Restaurants, movie theaters and sports arenas aren’t the only businesses laying off employees and cutting hours as the coronavirus crushes the U.S. economy.
So are law firms, marketing companies, insurance providers and countless other enterprises that may seem insulated from the more direct body blows of an outbreak that has triggered the shutdown of public gathering spots across the country.
The vast majority of those affected are small businesses that lack the cash or credit lines that can prop up airlines and other large corporations for many months before they have to slash jobs. Firms with fewer than 500 employees make up 47% of private sector payrolls, according to the Small Business and Entrepreneurship Council.
To be sure, restaurants, hotels, hair salons, stores and other consumer service providers are on the front lines of the economic meltdown as they lose the bulk of their sales, forcing them to abruptly lay off most or all employees. But those developments have reverberated across the economy in recent days, hammering the revenue of professional service businesses that sell to those restaurants and movie theaters, and creating a cloud of uncertainty that has chilled U.S. commerce broadly.
“What’s happening is uncertainty is causing everybody to buckle down and stop spending money,” says Jessica Fialkovich, president of a western branch of Transworld Business Advisors, a broker for small business mergers. “It’s really bad.”
Many of the professional service businesses are still earning revenue, with most avoiding layoffs so far and others slashing only a portion of their staffs. But Fialkovich estimates that about 40% of small firms overall are shedding employees. The job cuts are compounding the toll that the restaurant, recreation and retail layoffs are taking on the economy. Three to four million jobs already have been eliminated and another nine to 11 million are “at significant risk,” estimates Mark Zandi, chief economist of Moody’s Analytics.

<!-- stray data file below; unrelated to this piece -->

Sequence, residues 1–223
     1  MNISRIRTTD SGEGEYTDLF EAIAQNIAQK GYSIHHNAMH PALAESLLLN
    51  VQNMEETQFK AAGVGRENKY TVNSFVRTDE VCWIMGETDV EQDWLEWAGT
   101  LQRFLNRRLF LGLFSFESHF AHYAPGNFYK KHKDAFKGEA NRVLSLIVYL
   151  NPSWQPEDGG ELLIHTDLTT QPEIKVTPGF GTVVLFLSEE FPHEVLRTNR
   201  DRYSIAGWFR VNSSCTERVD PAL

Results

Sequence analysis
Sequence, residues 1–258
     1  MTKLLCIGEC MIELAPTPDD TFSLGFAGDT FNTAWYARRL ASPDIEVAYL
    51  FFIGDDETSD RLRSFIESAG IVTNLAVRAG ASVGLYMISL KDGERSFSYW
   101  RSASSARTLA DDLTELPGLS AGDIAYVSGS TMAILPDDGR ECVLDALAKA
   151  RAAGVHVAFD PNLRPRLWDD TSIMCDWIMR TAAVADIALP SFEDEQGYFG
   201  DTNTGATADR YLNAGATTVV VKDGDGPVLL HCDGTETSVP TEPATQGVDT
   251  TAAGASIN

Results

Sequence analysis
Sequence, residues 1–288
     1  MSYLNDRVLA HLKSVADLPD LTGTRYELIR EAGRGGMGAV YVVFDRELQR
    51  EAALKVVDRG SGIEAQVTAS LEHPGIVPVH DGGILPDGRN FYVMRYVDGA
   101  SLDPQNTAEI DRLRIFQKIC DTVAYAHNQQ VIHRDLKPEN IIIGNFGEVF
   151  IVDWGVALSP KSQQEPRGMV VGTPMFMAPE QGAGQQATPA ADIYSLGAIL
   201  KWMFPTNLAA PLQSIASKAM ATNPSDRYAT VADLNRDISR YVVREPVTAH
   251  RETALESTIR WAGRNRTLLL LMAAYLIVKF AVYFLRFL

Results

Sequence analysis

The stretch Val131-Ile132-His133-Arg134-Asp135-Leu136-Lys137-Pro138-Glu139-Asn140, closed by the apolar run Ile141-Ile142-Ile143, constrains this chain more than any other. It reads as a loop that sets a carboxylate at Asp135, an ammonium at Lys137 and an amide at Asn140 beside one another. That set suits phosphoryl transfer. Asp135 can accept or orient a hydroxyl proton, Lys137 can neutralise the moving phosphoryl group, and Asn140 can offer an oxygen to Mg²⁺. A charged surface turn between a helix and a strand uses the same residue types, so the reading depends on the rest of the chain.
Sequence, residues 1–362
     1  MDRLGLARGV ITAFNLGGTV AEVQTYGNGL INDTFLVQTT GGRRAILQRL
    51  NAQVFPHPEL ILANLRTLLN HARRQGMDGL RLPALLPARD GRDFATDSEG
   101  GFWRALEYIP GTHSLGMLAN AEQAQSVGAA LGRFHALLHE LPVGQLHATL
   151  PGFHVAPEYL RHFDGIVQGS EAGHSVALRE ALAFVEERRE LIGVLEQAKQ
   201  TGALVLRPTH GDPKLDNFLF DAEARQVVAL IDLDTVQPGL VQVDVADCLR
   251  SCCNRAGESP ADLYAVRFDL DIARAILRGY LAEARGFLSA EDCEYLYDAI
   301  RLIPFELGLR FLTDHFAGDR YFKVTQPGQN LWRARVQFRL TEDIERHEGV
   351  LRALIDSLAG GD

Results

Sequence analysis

“The economic fallout is spreading quickly,” he says.
Goldman Sachs predicts the economy will contract by an annual rate of 24% in the second quarter while JPMorgan Chase forecasts a 14% decline in output.
Who needs business cards?
Sales have plunged 80% at My Metal Business Cards — which also makes metal membership, VIP and discount cards, says Craig Martyn, CEO of the La Habra, California-based company. While about 20% of his revenue is from trade shows and other events now canceled, Martyn says the impact on his business wide-ranging.
“I feel like everybody right now is so fearful,” he says. “People are sitting on their hands and saying, ‘I don’t want to spend money on something I don’t need to have.’”
Martyn has laid off eight of his 10 employees, including graphics design, product development and shipping specialists. Martyn himself is loading boxes and etching names onto business cards.
Professional service firms enjoy a distinct advantage. Their white-collar employees typically can work from home and may rarely interact with customers. But many of the workers are highly skilled and tougher to replace. And it can take longer for the businesses to replenish their lost sales than the corner restaurant or nail salon.
Many firms are racing against the clock to secure Small Business Administration-backed loans so they can keep the lights on. The typical small business has 30 to 60 days of cash in reserve, Fialkovich says. Meanwhile, it can take weeks to months to obtain an SBA loan, says Ami Kassar, CEO of MultiFunding, a loan adviser for small businesses.
“The question is — how quickly will it come and will it be on time?” Kassar says.
A nearly $2 trillion stimulus package that has bogged down in the Senate includes $350 billion in SBA-guaranteed loans. The legislation would allow the firms to not repay back the loans if they retain their staffs, but many businesses already have laid off workers. The Small Business Majority, an advocacy group, is calling for at least $250 billion in grants.